The most moving part of Sam Alito's Senate testimony Monday was about his immigrant father: "He grew up in poverty. Although he graduated at the top of his high school class, he had no money for college. And he was set to work in a factory, but at the last minute, a kind person in the Trenton area arranged for him to receive a $50 scholarship." It was enough to buy tuition at a local college and "one used suit." It was enough to change a man's life.
Sam Alito called his dad's story "typical." Sam Alito's America is a place full of opportunity, where human lives can be changed by "hard work and perseverance" but also by generosity, the "power of a small good deed."
By the time Alito got to Princeton in the late '60s, he saw another view of America. "I saw some very smart people and very privileged people behaving irresponsibly, and I couldn't help making a contrast between some of the worst of what I saw on the campus and the good sense and the decency of the people back in my own community."
Thus was a conservative jurist born.
By the time Sam Alito got to Yale law school, something else had begun to change: the role of the university in creating class mobility. "Meritocracy" was originally used by Ivies as an excuse to erect barriers to academically gifted Jews. By the early '60s, elite colleges had sought to transform themselves into engines of meritocracy, places where intellectually gifted kids could be plucked from obscurity and launched toward achievement. Yale was a leader of that educational movement, says Jerome Karabel in a new book, "The Chosen."
Increasingly, however, the cherished ideal of education as an engine of class mobility is going head to head with the ideal of education as a meritocracy based on academic ability.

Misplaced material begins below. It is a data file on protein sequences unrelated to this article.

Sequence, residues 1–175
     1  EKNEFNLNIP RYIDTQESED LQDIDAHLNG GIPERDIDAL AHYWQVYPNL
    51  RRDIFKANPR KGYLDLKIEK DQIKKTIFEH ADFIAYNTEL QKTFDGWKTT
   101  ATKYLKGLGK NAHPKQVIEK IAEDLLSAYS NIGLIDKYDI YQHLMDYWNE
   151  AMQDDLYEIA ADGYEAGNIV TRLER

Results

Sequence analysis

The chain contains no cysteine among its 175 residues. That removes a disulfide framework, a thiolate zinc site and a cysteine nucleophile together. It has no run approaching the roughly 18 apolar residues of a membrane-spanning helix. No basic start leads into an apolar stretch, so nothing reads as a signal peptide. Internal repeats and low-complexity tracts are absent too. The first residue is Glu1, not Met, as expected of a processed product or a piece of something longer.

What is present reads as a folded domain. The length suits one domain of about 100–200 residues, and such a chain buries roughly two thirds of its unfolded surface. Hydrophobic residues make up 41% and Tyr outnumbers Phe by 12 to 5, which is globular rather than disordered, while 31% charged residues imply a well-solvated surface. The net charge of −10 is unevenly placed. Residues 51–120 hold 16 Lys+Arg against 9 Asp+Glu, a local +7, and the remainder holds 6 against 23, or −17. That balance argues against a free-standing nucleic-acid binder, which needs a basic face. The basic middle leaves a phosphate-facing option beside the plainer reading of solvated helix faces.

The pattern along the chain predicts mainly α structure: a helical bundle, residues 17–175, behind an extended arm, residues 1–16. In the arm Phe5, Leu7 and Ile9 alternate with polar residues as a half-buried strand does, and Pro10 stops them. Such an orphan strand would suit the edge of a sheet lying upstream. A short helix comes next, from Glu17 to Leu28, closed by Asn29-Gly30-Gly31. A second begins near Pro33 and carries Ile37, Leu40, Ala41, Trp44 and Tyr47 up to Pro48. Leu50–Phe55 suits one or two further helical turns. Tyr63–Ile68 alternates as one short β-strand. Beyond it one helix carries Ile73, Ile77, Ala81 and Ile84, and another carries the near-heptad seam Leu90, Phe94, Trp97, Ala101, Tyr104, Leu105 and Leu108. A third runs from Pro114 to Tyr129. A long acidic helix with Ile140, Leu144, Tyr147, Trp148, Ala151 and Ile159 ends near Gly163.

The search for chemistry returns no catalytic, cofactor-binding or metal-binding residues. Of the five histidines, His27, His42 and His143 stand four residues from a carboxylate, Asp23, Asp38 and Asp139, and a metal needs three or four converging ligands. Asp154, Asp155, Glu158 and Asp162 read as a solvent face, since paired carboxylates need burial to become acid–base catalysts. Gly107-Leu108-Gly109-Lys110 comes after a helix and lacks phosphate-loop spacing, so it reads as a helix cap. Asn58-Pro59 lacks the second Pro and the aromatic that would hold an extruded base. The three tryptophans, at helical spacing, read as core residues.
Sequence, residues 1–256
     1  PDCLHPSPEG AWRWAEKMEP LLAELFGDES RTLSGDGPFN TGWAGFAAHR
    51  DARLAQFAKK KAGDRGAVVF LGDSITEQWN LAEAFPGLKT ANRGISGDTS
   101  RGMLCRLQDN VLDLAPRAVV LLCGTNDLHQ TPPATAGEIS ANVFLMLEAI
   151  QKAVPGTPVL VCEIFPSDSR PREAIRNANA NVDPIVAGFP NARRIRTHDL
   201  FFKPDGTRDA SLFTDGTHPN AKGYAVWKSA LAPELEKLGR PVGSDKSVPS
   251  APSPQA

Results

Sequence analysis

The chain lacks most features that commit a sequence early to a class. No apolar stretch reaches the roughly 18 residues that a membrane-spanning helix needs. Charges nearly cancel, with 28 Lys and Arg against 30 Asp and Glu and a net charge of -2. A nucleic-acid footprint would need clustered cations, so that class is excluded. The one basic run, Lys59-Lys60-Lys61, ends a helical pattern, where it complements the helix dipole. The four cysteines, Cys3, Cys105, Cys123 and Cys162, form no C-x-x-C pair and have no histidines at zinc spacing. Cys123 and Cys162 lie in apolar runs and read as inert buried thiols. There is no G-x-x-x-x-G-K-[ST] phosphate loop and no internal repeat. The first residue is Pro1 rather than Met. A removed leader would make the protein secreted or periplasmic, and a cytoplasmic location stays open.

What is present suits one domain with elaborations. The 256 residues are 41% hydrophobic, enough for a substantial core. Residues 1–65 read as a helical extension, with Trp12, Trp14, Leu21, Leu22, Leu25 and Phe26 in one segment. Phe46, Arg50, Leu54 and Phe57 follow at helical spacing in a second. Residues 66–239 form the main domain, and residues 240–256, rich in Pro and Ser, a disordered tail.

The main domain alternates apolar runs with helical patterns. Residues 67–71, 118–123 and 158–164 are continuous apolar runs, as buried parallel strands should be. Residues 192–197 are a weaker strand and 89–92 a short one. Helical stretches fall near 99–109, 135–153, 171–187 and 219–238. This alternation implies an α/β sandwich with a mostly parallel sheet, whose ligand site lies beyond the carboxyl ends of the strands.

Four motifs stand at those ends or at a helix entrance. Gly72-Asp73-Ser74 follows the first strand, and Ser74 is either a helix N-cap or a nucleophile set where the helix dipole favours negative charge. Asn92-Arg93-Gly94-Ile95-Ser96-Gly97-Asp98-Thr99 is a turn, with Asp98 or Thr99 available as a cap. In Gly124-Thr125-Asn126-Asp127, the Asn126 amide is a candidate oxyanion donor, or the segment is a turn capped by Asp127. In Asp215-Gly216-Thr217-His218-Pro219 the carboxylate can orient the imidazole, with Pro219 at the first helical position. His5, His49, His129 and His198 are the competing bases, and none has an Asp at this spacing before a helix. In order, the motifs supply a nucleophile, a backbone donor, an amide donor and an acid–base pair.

According to an essay in the current issue of Yale alumni magazine, only 3 percent of students at highly selective colleges come from families in the bottom economic quartile. Just 15 percent of Yale students now benefit from a new initiative designed to help students whose families earn less than $60,000 (or, a little above the U.S. household median). Meanwhile, two-thirds of all students who score at least 1300 on SATs come from the top quartile of family income, while just 3 percent come from the bottom quartile.
As America gets better at making sure nothing gets in the way of ability, a new fixed class of privilege may be emerging: a cognitive elite. Here's my theory: America's past success at creating a culture of opportunity (including women) means that America has gotten very good at identifying those with cognitive ability and funneling them toward elite institutions. There, they meet, marry each other and reproduce powerful social advantages for their children through at least three mechanism: genes, human capital and moral capital. Children born to, say, two Yale grads are more likely to be born with cognitive ability, and to have parents who can educate them informally and also encourage successful habits (from doing homework to intellectual curiosity).
Meanwhile, smart, disciplined, focused, poor 18-year-olds like Sam Alito's dad, whose lives can be transformed by $50 (or even full local college tuition), are still out there, but they are surely harder to find these days. The new barriers to success among poor children (fatherlessness, neighborhood chaos, poor schools, rampant substance abuse and a distracting sexual culture) are not the type that college admission officers can do much about.
Which is no excuse for the rest of us who live in Sam Alito's America to give up trying. I bet Alito's dad used to say, like mine did: "When the going gets tough, the tough get going."
Maggie Gallagher is a nationally syndicated columnist, a leading voice in the new marriage movement and co-author of The Case for Marriage: Why Married People Are Happier, Healthier, and Better Off Financially.
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